This article argues for an updated theoretical framework in fashion studies. It proposes that perspectives emphasizing the social role and the technological nature of dress should be considered complementary, and that their joint application can contribute to new understandings of fashion history. Employing ethnographic methods, this stance is explored through a comparative analysis of the sartorial practices of two groups of women living or working in Amsterdam during the 1950s and the 2010s. A theoretical framework integrating theories of identity (mainly based on the writings of Georg Simmel and Gabriel Tarde) and the philosophy of technology (in this case the device paradigm of Albert Borgmann) allows us to uncover a paradoxical history of fashion in which clothing shifts roles, transforming from “things of imitation” into “devices of differentiation.”.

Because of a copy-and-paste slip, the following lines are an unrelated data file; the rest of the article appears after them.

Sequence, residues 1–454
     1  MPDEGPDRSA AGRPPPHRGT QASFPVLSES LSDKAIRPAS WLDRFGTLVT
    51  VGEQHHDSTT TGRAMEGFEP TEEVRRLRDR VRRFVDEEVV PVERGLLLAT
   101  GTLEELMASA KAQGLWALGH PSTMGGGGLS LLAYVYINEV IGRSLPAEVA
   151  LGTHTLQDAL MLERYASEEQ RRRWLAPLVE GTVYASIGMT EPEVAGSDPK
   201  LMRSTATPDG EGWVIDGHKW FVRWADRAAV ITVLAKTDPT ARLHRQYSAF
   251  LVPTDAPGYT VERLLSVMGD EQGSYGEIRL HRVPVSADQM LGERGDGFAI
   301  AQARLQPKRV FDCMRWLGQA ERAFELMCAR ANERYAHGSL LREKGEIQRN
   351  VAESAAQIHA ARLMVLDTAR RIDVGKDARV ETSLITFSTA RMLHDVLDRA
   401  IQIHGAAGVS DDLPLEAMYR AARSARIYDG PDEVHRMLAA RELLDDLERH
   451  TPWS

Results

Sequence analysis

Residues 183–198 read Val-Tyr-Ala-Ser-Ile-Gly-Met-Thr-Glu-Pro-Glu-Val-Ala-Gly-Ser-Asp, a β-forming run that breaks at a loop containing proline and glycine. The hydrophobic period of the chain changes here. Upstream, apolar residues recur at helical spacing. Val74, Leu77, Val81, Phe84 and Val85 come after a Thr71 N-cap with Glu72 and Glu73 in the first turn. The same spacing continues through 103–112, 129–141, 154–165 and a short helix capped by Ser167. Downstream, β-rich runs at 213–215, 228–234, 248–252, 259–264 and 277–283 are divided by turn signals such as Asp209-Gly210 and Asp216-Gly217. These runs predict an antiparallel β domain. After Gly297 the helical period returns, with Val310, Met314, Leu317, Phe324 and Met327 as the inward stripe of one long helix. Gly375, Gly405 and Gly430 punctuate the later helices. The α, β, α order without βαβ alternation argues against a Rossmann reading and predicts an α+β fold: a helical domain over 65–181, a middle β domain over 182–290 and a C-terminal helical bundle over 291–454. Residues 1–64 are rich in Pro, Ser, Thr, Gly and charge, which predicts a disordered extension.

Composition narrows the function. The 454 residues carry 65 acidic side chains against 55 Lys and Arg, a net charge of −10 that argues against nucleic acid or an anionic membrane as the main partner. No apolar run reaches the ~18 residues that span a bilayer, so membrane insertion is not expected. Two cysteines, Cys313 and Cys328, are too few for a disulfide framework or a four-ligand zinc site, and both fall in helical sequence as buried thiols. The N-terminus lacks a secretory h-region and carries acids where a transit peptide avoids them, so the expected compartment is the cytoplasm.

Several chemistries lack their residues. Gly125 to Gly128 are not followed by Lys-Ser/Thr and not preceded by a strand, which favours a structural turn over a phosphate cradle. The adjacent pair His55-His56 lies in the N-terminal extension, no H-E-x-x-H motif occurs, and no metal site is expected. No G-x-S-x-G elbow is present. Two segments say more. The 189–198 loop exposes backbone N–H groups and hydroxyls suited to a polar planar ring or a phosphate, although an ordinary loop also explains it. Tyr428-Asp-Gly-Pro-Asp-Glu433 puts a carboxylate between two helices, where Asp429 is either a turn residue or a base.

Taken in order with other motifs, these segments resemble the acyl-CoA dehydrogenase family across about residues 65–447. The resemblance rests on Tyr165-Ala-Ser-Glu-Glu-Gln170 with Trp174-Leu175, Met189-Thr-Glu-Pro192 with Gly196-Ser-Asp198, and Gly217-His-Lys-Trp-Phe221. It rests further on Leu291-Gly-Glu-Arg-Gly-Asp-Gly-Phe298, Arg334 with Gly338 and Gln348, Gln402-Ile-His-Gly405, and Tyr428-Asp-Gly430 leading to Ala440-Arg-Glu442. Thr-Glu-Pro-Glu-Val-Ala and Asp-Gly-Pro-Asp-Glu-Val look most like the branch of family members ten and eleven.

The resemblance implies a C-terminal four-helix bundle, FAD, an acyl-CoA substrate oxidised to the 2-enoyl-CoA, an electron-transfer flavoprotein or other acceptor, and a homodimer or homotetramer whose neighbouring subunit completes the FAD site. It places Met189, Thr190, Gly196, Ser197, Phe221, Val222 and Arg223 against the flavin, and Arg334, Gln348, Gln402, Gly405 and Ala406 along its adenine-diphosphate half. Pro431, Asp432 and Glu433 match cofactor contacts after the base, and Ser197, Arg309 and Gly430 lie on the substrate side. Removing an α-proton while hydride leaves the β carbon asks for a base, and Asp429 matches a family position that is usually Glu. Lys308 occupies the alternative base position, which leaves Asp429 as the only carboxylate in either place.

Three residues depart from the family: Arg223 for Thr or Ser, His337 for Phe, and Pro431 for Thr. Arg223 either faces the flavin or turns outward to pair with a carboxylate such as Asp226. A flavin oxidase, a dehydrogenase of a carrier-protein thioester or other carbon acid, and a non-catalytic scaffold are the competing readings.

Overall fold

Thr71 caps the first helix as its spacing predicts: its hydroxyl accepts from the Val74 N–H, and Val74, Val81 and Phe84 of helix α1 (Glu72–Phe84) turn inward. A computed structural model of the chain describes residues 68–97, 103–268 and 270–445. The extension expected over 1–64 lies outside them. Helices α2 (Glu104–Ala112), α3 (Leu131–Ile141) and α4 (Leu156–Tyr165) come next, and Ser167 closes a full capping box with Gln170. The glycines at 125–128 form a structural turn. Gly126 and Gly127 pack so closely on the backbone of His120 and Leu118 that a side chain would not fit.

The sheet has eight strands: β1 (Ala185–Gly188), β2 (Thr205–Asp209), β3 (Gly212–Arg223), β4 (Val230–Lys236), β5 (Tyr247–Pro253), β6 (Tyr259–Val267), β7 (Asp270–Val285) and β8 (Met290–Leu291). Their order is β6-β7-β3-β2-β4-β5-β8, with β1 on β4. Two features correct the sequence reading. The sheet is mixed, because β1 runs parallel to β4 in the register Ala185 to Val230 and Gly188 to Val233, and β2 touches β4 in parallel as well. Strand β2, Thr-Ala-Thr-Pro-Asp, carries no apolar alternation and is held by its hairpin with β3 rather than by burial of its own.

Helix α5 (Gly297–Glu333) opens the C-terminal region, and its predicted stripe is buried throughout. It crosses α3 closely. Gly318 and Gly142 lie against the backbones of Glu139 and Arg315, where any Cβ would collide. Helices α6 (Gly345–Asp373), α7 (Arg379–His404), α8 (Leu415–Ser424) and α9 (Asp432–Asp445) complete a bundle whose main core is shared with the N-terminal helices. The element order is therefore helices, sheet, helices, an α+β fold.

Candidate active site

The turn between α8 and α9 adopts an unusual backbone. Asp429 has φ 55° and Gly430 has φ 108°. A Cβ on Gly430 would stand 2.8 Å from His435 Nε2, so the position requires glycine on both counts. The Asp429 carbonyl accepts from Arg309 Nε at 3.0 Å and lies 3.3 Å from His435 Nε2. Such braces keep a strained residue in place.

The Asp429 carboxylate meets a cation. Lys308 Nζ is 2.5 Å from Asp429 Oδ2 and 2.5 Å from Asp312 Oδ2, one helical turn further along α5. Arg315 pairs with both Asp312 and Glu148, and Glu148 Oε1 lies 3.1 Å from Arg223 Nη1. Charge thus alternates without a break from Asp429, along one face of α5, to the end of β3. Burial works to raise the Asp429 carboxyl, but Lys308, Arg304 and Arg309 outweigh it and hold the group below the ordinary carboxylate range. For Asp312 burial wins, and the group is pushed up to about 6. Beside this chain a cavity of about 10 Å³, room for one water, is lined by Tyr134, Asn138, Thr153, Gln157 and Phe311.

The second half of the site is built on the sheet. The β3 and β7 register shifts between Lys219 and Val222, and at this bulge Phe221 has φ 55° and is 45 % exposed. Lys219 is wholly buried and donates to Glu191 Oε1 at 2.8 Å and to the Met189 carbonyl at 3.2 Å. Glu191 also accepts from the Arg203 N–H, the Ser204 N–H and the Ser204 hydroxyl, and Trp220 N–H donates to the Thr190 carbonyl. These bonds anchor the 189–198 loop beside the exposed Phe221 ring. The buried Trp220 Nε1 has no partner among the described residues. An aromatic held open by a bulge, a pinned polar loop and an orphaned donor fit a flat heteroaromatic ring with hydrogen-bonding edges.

|Number of pages||16|
|Journal||Fashion Theory - Journal of Dress Body and Culture|
|Early online date||23 Apr 2018|
|Publication status||Published - Apr 2018|
- fashion theory
- history of dress
- philosophy of technology